One – Love:  Coaching at Wimbledon

One – Love: Coaching at Wimbledon

Watching Andy Murray and Roger Federer in the Men’s finals at Wimbledon and the closing ceremony I was amazed.  The playing awe inspiring and although I was supporting Murray, Federer (holding the men’s record of 17 Grand Slam titles) was in a class of his own.  Throughout the game (as I was not one of the lucky ones to have finals tickets!) I was not only impressed by the dexterity of these world-class players but also the skills that their coaching staff must have in order to have assisted these players reach the level they are at.

Although the fame is almost exclusively on the players, it is vital to look at who is behind the players, and the effect they have on them.  In the case of Murray, his current coaching staff boasts Ivan Lendl, a former World Number 1, and long-time friend and sometime tennis partner Dani Vallverdu.  At times it seemed as though the BBC were trained as much on Murray’s mother Judy as on the tennis.  Dubbed in the media as the ‘Mother of British Tennis’ Judy Murray is a professional coach.  She coached Andy in his early career, was Scotland’s national coach before Murray’s career rocketed and now coaches the British Fed Cup Team.

Just as a tennis coach would work with a player to motivate, enhance technique and to cope with pressure, workplace coaching shares many of the same traits.  Although many coaching sessions would not be circuits or squat thrusts, an executive coach would offer one-to-one guidance to improve job performance, enhance professional advancement, support executives in change and development agendas, and provide assistance for coping with conflict.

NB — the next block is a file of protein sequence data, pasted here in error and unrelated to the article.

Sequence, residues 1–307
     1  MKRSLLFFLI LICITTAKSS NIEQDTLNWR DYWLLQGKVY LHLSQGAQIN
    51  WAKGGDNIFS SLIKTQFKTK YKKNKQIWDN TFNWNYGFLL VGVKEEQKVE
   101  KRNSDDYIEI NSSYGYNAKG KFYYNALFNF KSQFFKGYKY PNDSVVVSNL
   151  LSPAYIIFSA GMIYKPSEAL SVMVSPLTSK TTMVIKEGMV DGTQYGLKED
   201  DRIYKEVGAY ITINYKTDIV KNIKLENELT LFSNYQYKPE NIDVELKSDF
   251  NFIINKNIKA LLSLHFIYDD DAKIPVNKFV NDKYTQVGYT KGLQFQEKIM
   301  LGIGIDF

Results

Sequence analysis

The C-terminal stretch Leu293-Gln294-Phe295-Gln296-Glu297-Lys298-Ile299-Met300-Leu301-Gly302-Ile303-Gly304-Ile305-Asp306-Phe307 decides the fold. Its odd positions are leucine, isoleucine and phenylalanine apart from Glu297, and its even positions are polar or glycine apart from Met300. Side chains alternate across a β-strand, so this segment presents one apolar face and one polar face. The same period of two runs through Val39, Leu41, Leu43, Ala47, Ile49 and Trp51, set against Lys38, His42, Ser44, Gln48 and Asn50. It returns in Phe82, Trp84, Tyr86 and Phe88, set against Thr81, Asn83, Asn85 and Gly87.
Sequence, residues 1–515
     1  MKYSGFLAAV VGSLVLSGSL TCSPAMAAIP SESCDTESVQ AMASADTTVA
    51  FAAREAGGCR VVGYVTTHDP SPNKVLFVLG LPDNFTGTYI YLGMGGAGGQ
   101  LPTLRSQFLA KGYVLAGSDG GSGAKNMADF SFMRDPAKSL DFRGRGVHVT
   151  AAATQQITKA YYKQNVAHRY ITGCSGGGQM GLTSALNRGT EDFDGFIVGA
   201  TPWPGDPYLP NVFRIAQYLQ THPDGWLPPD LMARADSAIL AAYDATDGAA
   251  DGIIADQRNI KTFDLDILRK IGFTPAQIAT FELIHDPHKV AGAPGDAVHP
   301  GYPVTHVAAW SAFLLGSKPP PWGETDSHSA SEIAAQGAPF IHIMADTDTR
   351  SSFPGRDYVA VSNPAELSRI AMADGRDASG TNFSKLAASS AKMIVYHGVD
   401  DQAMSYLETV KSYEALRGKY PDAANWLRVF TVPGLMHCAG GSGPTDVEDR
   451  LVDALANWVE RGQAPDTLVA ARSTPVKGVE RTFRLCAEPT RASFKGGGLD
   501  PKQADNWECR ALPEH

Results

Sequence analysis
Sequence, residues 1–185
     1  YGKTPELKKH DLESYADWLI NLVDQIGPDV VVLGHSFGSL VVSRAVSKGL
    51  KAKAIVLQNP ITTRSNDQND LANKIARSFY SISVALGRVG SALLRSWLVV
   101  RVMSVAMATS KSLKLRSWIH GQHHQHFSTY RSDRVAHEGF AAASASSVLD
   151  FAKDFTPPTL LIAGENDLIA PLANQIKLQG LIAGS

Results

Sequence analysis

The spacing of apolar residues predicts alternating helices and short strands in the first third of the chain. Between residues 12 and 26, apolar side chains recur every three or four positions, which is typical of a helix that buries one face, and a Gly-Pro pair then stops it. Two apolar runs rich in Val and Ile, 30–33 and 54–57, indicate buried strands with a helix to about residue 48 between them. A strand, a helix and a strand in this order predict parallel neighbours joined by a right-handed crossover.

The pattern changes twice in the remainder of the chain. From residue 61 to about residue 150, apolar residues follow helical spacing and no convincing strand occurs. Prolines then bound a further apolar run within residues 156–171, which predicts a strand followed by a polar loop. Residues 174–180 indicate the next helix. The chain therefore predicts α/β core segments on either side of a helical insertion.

At CEDR we specialise in coaching executives or a group of individuals work through specific workplace challenges and conflicts.  As practising mediators who regularly coach and train on conflict management and dispute resolution techniques we have an unparalleled insight into how disputes develop. Recently  this has included assisting executives re-engage with each other after a dispute or difficulty, encourage creative problem-solving, empowering individuals to develop strategies to resolve long-standing dilemmas and supporting teams to move beyond situations in which there are tensions involving emotion.

Conflict coaching is a key area of alternative dispute resolution and although it doesn’t sort out the dispute about me not getting final tickets, assists those facing workplace conflicts.

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